We need always to remember, therefore, that there is no one mould of prayer into which our communion with God must be run. Let each man pray as best he can. Let no man make himself the slave of another's methods. Professor George Albert Coe has put a valuable truth into a few succinct sentences: “The tendency is to create an impression that the more valuable forms of prayer are reserved for a special class of persons. This impression, too, is unconsciously fostered by the adulation that is bestowed upon men, often young men, who cultivate a particular type of prayer, and talk a great deal about it. What we need more than almost anything else is to cultivate in timid souls that tend to

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self-distrust, in critical souls that think before they assert, and in active souls that prefer giving to receiving, a robust respect for their own natural types of prayer.”


If we are to deal adequately, however, with the trouble which some habitually and all of us occasionally have in realizing the presence of God, we must do more than tell each man to pray as he can. There are prevalent attitudes among people who try to pray that make the consciousness of God's presence well-nigh impossible. We may note as the first of these that vague groping after a God outside of us which so often ends in the futile feeling of having talked to empty space. Many men, in their earnest desire to enter fully into the Christian experience, strain after a realization of God's presence as though by some violence and stress of the will it could be attained. Their souls are mortars, their petitions bombs; they explode themselves toward heaven, and save for the echo of their own outburst they hear no answer whatever. Madame Guyon records that just this was her perplexity until a Franciscan friar gave her this suggestive advice: “Madame, you are seeking without that which you have within. Accustom yourself to seek God in your own heart, and you will find him." This counsel is wise and practical. The presence of God can be experienced only within our own hearts. All the best in us is God in us. Generally, if not always, it is quite impossible to distinguish between the voice of God and the voice of our own best conscience and ideals. They are not to be distinguished. What we call conscience and ideals are God's voice, mediated to us through our own finest endowments.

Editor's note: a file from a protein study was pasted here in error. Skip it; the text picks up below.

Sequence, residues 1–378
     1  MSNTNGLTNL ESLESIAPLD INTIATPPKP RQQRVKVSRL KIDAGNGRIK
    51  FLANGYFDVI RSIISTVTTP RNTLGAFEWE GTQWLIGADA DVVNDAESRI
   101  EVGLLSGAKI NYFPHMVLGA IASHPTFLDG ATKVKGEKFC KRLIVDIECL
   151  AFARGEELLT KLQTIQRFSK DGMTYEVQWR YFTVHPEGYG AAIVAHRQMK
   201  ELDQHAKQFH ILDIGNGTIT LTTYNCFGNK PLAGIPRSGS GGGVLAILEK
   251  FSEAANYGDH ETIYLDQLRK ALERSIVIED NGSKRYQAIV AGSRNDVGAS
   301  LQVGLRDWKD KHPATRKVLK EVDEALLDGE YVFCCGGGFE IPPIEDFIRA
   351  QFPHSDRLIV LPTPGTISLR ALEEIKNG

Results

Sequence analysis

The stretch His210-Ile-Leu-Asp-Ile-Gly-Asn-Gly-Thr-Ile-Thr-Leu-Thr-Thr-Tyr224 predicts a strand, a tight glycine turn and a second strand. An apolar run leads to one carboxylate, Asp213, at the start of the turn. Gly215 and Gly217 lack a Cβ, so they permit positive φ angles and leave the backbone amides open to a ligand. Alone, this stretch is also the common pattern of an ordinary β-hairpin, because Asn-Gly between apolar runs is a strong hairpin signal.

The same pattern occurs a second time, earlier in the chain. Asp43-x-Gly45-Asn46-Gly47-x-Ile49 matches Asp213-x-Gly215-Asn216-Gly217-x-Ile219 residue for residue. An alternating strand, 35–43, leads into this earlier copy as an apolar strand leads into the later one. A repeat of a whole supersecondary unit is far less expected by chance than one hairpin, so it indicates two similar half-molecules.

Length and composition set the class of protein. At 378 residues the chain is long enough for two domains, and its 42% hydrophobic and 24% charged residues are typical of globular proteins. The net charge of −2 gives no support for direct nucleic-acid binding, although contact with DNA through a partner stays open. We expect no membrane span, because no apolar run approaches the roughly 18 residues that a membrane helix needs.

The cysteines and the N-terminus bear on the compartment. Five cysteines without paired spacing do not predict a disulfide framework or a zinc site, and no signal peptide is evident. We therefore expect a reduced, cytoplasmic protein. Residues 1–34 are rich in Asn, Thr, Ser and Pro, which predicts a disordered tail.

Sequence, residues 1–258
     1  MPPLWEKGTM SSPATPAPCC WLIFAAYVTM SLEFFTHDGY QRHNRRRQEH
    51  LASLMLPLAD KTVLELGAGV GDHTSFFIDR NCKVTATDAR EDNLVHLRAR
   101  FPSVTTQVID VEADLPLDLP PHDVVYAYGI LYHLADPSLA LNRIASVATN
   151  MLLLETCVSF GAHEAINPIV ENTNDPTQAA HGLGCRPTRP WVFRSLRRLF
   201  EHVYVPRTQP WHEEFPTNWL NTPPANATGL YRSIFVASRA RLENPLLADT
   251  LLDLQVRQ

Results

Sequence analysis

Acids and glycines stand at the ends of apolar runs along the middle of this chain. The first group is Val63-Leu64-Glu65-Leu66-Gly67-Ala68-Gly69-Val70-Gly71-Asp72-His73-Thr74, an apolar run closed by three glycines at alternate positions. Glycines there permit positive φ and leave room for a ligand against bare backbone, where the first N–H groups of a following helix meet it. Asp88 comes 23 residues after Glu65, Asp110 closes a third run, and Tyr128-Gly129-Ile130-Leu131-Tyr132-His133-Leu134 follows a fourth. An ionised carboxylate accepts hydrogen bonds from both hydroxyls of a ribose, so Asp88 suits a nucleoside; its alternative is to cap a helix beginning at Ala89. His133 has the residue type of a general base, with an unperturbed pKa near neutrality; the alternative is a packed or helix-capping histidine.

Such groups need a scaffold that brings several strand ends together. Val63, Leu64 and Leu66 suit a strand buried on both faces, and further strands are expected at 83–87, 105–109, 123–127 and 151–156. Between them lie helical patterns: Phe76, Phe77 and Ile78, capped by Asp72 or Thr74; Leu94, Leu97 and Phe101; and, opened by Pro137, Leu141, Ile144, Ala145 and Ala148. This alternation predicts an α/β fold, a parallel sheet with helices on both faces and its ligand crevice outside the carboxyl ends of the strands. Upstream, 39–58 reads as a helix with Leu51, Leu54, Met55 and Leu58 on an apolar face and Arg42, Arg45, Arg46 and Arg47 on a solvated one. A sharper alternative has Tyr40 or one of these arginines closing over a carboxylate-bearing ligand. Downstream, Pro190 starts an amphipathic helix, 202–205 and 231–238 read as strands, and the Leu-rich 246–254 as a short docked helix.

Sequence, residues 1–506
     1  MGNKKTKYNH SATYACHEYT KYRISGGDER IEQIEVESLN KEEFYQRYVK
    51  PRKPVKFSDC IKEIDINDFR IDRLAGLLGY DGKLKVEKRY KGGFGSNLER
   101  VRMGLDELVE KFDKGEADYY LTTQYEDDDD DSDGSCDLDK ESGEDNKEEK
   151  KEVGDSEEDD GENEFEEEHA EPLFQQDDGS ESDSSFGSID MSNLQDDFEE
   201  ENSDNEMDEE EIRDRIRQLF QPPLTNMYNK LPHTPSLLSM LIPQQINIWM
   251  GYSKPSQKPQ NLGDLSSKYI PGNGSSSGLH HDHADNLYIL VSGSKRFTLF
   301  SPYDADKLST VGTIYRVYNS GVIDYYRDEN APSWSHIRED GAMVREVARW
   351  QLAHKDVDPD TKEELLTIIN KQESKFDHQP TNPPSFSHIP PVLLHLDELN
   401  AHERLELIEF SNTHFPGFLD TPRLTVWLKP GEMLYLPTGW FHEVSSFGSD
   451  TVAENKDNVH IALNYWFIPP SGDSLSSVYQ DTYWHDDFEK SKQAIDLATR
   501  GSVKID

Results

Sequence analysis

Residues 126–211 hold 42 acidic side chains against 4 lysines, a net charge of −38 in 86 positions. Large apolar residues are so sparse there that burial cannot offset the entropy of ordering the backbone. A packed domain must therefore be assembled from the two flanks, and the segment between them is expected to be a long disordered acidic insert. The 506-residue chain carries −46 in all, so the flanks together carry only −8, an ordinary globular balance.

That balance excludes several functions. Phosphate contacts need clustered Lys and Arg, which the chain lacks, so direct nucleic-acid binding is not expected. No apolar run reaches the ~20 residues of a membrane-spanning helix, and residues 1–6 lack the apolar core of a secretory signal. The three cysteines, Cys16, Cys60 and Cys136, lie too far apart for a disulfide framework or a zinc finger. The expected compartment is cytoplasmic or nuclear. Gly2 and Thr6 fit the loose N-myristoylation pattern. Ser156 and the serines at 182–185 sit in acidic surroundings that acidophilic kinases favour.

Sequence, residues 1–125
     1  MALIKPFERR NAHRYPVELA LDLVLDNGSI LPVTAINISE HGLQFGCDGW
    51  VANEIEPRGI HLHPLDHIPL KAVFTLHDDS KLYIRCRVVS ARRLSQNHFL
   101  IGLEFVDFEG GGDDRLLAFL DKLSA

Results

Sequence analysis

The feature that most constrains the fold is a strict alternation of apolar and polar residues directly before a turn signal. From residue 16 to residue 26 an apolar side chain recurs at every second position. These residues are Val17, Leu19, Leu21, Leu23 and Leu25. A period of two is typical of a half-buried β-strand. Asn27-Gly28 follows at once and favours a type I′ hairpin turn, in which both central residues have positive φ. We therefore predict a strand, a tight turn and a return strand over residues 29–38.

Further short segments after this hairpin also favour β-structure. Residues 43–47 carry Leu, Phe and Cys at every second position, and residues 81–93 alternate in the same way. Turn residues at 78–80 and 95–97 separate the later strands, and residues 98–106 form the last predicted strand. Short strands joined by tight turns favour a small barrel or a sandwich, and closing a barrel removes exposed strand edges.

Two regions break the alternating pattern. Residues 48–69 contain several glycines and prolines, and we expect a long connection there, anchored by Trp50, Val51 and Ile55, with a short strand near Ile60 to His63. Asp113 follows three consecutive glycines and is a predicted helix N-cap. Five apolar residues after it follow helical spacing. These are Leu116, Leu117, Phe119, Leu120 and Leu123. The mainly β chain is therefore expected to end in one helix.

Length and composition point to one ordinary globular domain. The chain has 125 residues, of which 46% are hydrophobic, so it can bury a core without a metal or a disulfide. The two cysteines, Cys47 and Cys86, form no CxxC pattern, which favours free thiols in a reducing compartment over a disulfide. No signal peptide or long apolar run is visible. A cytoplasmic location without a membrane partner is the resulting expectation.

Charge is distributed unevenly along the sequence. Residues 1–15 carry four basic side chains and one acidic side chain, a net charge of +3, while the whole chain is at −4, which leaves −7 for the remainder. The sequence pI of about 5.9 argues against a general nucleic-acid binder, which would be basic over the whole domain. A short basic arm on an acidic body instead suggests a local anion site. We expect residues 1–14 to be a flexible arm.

This does not mean that these voices of God, mediated to us through our best, are infallible. It does mean that God in them is trying to speak to us according to our capacity to understand. If our windows are soiled, the sun's rays are hindered; but that fact is no denial of the truth that whatever light does come through our windows comes from the

So God is compelled to minister his blessing to us through our own capacities to receive and appropriate. No man should ever grope outside of his best self to find God.

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He should always seek the God who is speaking to him in his best self.

During a dry season in the New Hebrides, John G. Paton the missionary awakened the derision of the natives by digging for water. They said water always came down from heaven, not up through the earth. But Paton revealed a larger truth than they had seen before by discovering to them that heaven could give them water through their own land. So men insist on waiting for God to send them blessing in some supernormal way, when all the while he is giving them abundant supply if they would only learn to retreat into the fertile places of their own spirits where, as Jesus said, the wells of living waters seek to rise. We need to learn Eckhart's lesson, “God is nearer to me than I am to myself; he is just as near to wood and stone, but they do not know it.” We need to understand the word attributed to Albert the Great, “To mount to God is to enter into one's self. For he who inwardly entereth and intimately penetrateth into himself gets above and beyond himself and truly mounts up to God.” And in learning the meaning of words like these, we shall be coming into the spirit of many a Scripture passage: "If we love one another, God abideth in us” (I John 4:12); “We are a temple of the living God; even as God said, I will dwell in them" (II Cor. 6:16); "If any man